I wanted to get this topic out of the way because I've always found it to be sort of a confusing subject. And yet the No. 1 thing you're told as you begin any job search is network, network, network.
Here's the main principle: Introduce yourself to as many people as possible. It's so simple it almost makes you feel silly, right? I've never been big on networking. A lot of searching for a job, as Joe Grimm (recruiter extraordinaire and one of Poynter.org's job experts) explains it, is selling yourself to possible employers. That's not really my style. I prefer to let my actions speak for themselves. But here's where that philosophy doesn't hold water in a job search: Potential employers have never seen you in action and they can only base their decisions on what they've heard about you, whether their source is you or one of your references. And that's where networking comes in.
Back in the day networking required putting a lot of miles on your car and shaking a lot of hands.
Now, like almost anything else out there, the process has gone high tech. But in the end, you're still doing the same thing. Your connection to your boss connects you to everyone else they've worked with, which connects you to everyone those people have worked with and so on. And this doesn't even need to be just with your boss. Say you volunteer at an animal shelter (guilty). The volunteer coordinator might be able connect you to someone else in your field.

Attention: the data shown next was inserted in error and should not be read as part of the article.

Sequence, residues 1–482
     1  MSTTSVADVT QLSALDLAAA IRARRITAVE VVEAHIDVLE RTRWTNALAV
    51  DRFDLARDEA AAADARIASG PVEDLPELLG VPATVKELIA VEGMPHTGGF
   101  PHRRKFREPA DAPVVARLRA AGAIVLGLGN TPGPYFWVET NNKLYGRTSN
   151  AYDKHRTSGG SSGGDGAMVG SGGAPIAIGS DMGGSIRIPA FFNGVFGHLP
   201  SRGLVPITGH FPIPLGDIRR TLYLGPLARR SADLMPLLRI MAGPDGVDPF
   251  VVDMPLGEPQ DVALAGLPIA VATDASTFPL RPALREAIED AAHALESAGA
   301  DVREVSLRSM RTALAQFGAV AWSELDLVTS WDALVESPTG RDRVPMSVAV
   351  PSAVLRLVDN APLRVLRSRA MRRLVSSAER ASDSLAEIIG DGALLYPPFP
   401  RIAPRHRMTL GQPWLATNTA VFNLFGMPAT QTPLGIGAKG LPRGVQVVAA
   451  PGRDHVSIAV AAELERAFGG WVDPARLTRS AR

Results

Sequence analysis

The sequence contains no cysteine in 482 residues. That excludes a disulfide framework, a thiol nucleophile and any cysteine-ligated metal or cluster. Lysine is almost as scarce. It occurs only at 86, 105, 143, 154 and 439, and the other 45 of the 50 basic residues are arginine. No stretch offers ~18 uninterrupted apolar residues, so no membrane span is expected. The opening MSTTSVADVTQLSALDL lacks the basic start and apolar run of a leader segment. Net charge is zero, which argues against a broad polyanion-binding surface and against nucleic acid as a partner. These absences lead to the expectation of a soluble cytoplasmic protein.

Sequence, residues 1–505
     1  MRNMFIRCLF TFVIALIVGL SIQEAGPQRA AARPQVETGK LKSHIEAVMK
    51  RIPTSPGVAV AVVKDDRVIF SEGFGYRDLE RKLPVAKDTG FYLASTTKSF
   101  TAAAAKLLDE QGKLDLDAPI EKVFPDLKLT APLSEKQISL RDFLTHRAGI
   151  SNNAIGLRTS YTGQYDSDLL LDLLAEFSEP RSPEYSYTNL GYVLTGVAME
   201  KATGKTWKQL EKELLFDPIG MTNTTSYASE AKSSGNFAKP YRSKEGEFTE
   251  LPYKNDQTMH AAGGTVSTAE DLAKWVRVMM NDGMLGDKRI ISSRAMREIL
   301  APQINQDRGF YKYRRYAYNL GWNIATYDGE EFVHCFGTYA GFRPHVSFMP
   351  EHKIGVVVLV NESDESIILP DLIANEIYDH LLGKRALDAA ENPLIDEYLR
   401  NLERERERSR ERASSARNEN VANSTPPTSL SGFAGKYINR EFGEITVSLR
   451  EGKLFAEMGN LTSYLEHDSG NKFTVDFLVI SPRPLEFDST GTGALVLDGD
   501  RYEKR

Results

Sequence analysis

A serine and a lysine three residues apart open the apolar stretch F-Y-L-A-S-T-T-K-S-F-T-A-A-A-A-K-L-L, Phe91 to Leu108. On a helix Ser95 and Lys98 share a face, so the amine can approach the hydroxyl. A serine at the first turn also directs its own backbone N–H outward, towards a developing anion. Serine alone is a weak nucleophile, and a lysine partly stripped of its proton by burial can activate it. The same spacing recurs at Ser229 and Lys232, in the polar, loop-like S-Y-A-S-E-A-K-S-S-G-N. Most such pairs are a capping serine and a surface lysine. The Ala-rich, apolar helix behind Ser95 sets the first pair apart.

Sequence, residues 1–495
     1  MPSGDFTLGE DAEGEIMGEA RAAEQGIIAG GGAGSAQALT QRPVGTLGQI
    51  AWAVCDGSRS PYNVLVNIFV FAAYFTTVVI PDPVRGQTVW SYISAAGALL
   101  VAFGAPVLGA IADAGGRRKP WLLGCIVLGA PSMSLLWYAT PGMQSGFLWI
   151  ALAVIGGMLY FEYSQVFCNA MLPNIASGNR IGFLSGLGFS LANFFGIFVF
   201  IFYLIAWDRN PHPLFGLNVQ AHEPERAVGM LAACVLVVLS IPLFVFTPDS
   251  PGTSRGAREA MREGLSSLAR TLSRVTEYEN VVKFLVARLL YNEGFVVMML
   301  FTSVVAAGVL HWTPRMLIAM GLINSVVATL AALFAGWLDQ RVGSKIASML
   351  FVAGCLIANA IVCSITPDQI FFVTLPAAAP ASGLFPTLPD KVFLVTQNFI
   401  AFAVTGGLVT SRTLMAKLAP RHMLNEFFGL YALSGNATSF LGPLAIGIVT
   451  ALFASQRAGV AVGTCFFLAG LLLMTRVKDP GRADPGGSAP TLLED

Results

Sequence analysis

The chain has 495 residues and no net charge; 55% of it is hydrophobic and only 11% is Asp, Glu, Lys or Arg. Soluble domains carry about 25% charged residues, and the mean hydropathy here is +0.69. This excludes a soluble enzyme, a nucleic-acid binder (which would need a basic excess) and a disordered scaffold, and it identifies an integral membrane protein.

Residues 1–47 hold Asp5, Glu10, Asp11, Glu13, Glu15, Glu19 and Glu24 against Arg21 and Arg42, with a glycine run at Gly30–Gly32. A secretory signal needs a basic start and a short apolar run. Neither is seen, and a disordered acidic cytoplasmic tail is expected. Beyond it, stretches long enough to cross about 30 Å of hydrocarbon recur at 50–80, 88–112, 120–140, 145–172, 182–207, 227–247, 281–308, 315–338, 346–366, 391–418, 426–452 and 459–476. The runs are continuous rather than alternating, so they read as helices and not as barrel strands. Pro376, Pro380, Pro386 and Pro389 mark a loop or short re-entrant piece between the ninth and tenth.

The most exciting and well-known tool for networking is LinkedIn. Think Facebook for professionals. It's a place where your profile includes your recent employment and your qualifications rather than your favorite movies or those embarrassing photos from that one party. You know the one I'm talking about.
Thursday morning, the day after I learned I was joining the ever growing ranks of the unemployed, I logged onto my little-used account with LinkedIn and "connected" with every person I could find at my company. By that afternoon I had received four recommendations (these are posted on your profile, which can then be viewed by your connections and anyone else you allow to see your profile). Recommendations can also be read by the connections your boss or coworkers have, thereby exposing you to professionals you have never even met. Essentially this is almost effortless networking.
It's actually kind of exciting when you get right down to it. So there you have it: A quick and simple way to network. Of course that's only the beginning, but at least it is a beginning. And every job search has to start somewhere.
Want to join my network on LinkedIn? Click here to see my public profile, or click on the LinkedIn badge on the right side of this page.
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